“They’re trying to break us, plunge us into darkness and cold during wartime and force us to negotiate on the aggressor’s terms,” he said.
“It won’t actually work. We understand that the frequency (of massive missile attacks on Ukraine) is about a week. That is, this is the period needed to prepare for another massive missile strike.”
According to Yusov, Russia’s stockpiles of high-precision weapons are largely exhausted, but Moscow still has many other missiles, mostly for the S-300 anti-aircraft surface-to-air missile systems, so the frontline cities, including Zaporizhzhya, Kharkiv, Mykolayiv, and Kherson, are at risk.
“Strikes not even at infrastructure objects, but just at residential buildings, maternity wards, hospitals are a sign of cack-handed Russian missile operators and Russia’s regime as a whole.”
Earlier Secretary of Ukraine’s National Security and Defense Council Oleksiy Danilov suggested that Russia would be able to repeat the attacks on Ukraine’s infrastructure similar to those on Nov. 15 only another three or four times.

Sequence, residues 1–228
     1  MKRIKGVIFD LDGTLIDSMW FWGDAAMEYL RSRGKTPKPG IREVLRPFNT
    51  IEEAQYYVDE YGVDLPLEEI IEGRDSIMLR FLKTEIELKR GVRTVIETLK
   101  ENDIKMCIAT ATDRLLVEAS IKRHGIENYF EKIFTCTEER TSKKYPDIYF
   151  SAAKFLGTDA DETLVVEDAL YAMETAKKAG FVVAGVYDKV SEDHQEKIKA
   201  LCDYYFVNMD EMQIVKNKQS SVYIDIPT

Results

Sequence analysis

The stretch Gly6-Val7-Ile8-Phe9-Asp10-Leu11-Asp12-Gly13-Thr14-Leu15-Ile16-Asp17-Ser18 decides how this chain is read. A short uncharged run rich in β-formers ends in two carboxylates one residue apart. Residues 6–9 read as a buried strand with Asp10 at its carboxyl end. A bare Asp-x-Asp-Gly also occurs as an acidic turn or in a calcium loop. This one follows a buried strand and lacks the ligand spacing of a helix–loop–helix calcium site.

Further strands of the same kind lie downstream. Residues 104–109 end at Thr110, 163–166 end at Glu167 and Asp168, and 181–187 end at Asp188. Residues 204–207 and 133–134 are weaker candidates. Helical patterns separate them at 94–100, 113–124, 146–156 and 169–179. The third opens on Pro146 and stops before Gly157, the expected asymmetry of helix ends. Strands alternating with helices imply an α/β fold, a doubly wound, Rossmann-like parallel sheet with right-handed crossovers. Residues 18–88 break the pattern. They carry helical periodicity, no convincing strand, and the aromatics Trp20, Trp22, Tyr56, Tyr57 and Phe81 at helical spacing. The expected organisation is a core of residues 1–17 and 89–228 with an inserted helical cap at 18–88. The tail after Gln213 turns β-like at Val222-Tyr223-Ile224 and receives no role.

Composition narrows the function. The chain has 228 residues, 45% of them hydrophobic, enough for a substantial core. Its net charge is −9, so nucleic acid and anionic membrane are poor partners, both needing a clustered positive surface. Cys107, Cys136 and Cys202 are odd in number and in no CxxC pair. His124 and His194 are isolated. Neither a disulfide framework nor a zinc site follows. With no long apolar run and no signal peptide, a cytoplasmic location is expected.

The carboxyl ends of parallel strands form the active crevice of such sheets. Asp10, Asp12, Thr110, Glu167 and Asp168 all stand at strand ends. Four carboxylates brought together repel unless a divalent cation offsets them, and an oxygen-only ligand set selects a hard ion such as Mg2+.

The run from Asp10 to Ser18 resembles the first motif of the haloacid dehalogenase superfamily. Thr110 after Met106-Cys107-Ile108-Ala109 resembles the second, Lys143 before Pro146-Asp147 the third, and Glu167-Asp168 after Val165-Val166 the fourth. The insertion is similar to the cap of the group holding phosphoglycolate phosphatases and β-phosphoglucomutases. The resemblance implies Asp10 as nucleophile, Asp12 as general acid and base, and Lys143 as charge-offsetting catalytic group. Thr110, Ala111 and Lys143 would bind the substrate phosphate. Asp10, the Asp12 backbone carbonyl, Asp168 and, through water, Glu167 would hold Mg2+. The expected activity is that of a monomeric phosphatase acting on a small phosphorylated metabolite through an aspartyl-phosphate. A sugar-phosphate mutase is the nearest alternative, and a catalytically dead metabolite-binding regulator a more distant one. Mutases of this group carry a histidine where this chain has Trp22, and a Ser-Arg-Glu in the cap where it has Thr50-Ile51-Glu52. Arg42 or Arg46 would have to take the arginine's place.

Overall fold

Russia launched another massive missile attack on Ukrainian cities on Nov. 23. Civilian facilities were hit in the capital city of Kyiv and Kyiv Oblast.
The Ukrainian Air Force said the barrage consisted of 67 cruise missiles, of which 51 were intercepted by air defenses. In addition, five suicide drones were destroyed.
Emergency blackouts were introduced throughout the country. Many regions are still left without power and water supplies.
Read the original article on The New Voice of Ukraine